As an entrepreneur with investors backing my acquisition, nothing worried me more than whether “Talabat” (previously known as 6alabat.com) was catching more eyeballs or not. Before that, I was an associate in a Private Equity “PE” house in 2007 (Global Investment House), and was accustomed to measuring progress by earmarking certain milestones through management teams in companies we invested in that stretched through the life of specific funds (typically 7 years). Despite spending significant time and efforts working with management teams in portfolio companies, pressure on execution was always delegated to the management team on the Company level as we enjoyed reporting the results and collectively planning new milestones for specific investments. Towards the end of 2007, I found myself doing a personal leverage-buyout (LBO) when my co-investors and I acquired a significant majority stake of Talabat, where pressure and I became very close friends.
As a managing partner of Talabat, I started redefining quarterly/monthly and weekly progress reports with detailed MIS daily reports for each side of the business we operated in. By the time my partners and I completed the acquisition process, I had already taken a deep dive in the business side of the startup to take strong grip on it. I later started to question what if we found ourselves building new features that nobody wanted? What if the features were key to our User Interface “UI” but customer experience didn’t capture the best of it? And in that case it didn’t’ really matter if we delivered it on time and as per budget! Working hard was really a commodity, it all boiled down to how much of hard work and money being spent resulted in positive outcome. I only hoped that our team’s effort was taking us closer to catching more eyeballs (the goal) and in case we hit a fan, at least we learned something valuable. This was my first real life engagement as an entrepreneur which was only the first step into the door.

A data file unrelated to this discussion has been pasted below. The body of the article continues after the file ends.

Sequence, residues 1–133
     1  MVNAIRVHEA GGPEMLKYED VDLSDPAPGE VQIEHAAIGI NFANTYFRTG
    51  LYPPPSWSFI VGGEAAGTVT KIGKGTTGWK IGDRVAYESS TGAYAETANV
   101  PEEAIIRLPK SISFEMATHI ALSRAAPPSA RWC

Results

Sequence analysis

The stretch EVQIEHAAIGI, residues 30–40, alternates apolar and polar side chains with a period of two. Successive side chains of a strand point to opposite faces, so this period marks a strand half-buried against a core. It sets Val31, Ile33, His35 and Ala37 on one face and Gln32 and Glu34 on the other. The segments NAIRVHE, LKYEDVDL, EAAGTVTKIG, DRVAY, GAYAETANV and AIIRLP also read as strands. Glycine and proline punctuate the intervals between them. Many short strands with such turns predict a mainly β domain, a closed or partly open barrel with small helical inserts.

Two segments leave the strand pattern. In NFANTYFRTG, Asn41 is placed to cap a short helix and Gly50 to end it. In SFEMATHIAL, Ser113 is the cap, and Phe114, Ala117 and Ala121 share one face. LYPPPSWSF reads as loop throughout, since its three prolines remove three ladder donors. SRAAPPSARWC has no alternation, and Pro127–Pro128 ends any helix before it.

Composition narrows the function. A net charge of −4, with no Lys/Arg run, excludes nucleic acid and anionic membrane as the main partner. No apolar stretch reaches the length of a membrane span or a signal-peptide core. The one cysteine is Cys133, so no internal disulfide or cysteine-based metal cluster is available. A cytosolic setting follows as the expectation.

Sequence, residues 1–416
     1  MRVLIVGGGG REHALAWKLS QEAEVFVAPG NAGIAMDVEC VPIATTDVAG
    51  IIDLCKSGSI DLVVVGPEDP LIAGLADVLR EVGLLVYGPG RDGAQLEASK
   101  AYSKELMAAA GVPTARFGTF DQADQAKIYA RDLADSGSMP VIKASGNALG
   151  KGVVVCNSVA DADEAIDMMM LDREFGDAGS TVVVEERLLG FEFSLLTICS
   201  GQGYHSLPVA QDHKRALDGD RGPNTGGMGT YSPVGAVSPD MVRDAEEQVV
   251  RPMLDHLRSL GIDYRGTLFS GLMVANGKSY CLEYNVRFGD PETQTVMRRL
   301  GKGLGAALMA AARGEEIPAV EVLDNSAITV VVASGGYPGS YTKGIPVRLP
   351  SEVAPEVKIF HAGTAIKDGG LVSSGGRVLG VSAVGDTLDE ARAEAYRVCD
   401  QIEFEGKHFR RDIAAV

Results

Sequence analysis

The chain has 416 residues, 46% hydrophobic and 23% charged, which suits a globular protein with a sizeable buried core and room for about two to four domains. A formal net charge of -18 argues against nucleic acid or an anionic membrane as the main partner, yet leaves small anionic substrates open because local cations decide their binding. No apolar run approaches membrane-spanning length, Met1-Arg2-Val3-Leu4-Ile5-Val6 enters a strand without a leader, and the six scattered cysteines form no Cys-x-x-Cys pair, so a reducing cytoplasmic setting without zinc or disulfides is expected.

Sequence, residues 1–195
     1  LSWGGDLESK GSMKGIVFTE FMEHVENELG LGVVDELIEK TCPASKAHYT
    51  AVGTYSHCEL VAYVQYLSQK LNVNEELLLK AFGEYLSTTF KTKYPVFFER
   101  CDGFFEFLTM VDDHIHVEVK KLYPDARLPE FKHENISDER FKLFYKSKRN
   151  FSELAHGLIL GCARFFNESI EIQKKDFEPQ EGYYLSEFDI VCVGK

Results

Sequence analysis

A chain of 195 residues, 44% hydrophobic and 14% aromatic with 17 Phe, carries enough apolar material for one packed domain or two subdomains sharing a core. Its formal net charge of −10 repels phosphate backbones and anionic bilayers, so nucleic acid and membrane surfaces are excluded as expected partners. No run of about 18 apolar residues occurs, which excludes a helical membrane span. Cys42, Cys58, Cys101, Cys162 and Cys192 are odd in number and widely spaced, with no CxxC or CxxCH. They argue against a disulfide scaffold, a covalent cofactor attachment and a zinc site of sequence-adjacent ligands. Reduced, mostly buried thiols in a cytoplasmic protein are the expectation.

In my previous life, I was used to building high-level corporate/business strategies and execution came in the form of consulting work and minimal executive roles but as an entrepreneur, domain expertise, functional strategies and swift turns “pivots” were key to validate the learnings in the journey. I learned that as entrepreneurs under pressure to succeed, we were “wildly creative” when it came to delivering results. “You can’t take learning to the bank; you can’t spend it or invest it”; pressure was on and results had key weights to the scorecard of my co-investors.
Amongst the features we wanted to introduce in Talabat was Gamification. “Gamification is the use of game-thinking and game mechanics in a non-game context in order to engage users and solve problems. It is used in applications and processes to improve user engagement, ROI, data quality, timeliness, and learning.” We introduced a points/reward system for our users which enabled end-users to order food and earn points with specific restaurants that qualified users for winning prizes; it was later called the “Nag-Negg Fiesta” in 2009. In the design process of gamification, Nag-Negg was very well designed with an interactive crowd-sourcing content page and dynamic users’ charts (private & public) linked to users’ social networks. The beta version of the design was marvelous and after functionally testing it for over 60 times, the Nag-Negg Fiesta was up and running very smooth.
Despite the positive functionality of the gamification ad-on to the website, the pool of customers we tested the campaign on was very narrow and did not represent a general mass of our client base. A majority of transactions in the first couple of hours of the campaign launch were not captured in the Nag-Negg Fiesta restaurants’ universe, FAQ’s content did not cover all questions, points system did not make sense for the average user, restaurants’ were not happy, Arabic content of the ad-on was poor… and the list goes on. It was devastating! Did all of our hard go down the drain? How are we going to react? Is “Plan B” actually worth taking a stab at? So many questions were falling on us…Focus was on solving the problem, and no attention was given for responsibility…at least for now. After monitoring users’ behavior (heat map) on our main page for a couple of hours (during a peak hour) and collecting of real live data with first hand customer questionnaires, we quickly realized that our biggest flaw was in the sophistication level of the ad-on. Within hours, the whole gamification ad-on was redesigned and after an “all-nighter of testing”, we re-launched the game on the morning of the following day. Result? 60% surge in eye-balls month-on-month and unprecedented engagement with end-users, employees and restaurants.
“I’ve come to believe that learning is the essential unit of progress for startups. The effort that is not absolutely necessary for learning what customers want can be eliminated. I call this validated learning…” Our biggest take home from the gamification experience was that validated learning is primarily backed by empirical data collected from real customers; no other form of validation is as competitive or effective. GET YOUR DATA RIGHT!